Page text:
And now for the ending chapters-
I am with you all in that I do NOT buy this necromancer story. While I don’t think Alex made it up, I think this guy does probably exist, has extreme mental health issues, and lied about everything. That doesn’t mean I’ll let Alex off the hook for the chapter though. It was a strange and perplexing choice to include that chapter. There are plenty of “dark” instances of magick within witchcraft to use that would have been good examples of what a lot of witches practice. I hex for justice magick and I have some interesting real-life stories surrounding that, as I imagine many others do. Why not talk about that stuff? Hexing is divisive and controversial enough within our community to make it relevant, while also keeping it factual.
Alex Mar ends the book with a big question mark. She admits that she isn’t choosing to pick up the label of witch, or even that the path calls to her at all. This is a big criticism in many reviews that I just can’t grasp. I was trained to be very anti-proselytization. Even to the point of completely releasing someone, guilt-free, if they pursue training (if even for many years) and then later decide it’s not for them. I had the same criticism when I saw the community destroy Teo Bishop when he announced his return to the Church. Witchcraft is NOT a path for everyone, and nor should it be. If there are any criticisms of the book, Alex Mar’s unwillingness to submit herself to the Craft fully shouldn’t be one of them. I am sad for her that she didn’t get the call of something I find so beautiful and holy, but it isn’t up to me to make sure she got the call to be a witch and stuck with it. That’s on the gods and the people they call.
In the end, there are some things that are problematic with Witches of America. There are also things that are problematic with just about every single book portraying witches that I’ve ever read in my 16 years on this path. And I get where a lot of the hurt comes from. Alex made friends with a lot of us. We hoped that someone with a big platform was going to finally proclaim the awesomeness of witchcraft and put it out there for the world to see. Instead, she remained a skeptic and we are perhaps a little disappointed by that.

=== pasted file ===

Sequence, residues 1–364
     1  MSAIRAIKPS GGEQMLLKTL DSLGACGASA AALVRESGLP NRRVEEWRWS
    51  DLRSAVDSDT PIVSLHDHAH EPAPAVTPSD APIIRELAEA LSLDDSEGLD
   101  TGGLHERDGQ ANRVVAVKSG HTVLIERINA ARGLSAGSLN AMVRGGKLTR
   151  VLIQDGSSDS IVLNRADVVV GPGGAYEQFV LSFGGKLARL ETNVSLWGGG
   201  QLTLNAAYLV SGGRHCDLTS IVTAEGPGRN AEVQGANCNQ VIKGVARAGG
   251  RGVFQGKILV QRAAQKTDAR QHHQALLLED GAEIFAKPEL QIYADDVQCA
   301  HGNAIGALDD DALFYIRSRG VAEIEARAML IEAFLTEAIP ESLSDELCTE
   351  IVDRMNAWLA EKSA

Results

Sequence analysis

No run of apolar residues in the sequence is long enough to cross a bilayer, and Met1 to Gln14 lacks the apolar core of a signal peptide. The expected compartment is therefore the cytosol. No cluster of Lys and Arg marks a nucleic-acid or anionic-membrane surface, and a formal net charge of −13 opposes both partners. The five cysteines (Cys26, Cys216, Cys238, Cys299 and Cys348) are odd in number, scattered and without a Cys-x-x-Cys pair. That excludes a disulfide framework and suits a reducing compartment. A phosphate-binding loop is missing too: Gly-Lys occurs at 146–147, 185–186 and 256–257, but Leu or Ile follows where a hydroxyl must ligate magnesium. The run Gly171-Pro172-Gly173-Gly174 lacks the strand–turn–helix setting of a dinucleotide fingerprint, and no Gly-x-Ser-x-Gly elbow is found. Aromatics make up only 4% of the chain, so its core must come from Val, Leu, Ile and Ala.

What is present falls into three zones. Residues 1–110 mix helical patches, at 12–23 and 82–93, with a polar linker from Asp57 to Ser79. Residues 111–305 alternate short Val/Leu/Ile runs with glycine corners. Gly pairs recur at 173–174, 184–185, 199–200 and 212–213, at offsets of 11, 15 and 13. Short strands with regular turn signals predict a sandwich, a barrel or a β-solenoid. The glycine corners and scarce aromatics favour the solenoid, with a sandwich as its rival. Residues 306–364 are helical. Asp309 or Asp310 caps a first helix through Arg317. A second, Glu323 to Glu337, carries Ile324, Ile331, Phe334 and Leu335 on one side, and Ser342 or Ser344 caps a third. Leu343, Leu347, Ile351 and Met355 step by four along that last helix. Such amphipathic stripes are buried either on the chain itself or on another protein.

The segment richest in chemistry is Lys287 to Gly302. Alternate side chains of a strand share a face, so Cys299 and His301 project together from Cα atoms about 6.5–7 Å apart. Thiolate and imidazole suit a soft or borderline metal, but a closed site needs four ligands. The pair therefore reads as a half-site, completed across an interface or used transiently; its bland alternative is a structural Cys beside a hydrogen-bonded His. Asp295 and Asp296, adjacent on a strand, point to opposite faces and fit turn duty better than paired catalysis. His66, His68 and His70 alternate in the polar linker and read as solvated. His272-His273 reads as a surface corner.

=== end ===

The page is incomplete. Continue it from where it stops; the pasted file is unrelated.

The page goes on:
Alex portrayed us as exotic beings who are equally eccentric as we are connected to something that makes us feel strong. And while everyone has a right to how they feel, this doesn’t make me feel exploited. It makes me feel like a witch. We are exotic, eccentric, strange, and yeah, even sometimes a little ungrounded and air-headed. But can we acknowledge those things and claim power from them, or do we resign ourselves to self-induced shame about qualities that we shouldn’t really feel shameful about? That decision, as the real witches of America, lives within each of us as individuals. It is not confined to the pages of any book. Let’s not give away our power so easily.
About Our Guest: David Salisbury is a queer, vegan, Witch and a devotee to the goddess Hekate. As High Priest of Coven of the Spiral Moon, he teaches Wicca and Witchcraft-based topics throughout the mid-Atlantic region. The focal point of his leadership is an activism and service-based approach that seeks to expand the unique gifts that each person came into the world with. He currently lives in Washington DC where he works to co-facilitate Firefly, a national Wiccan tradition. You can visit him online at David Salisbury.com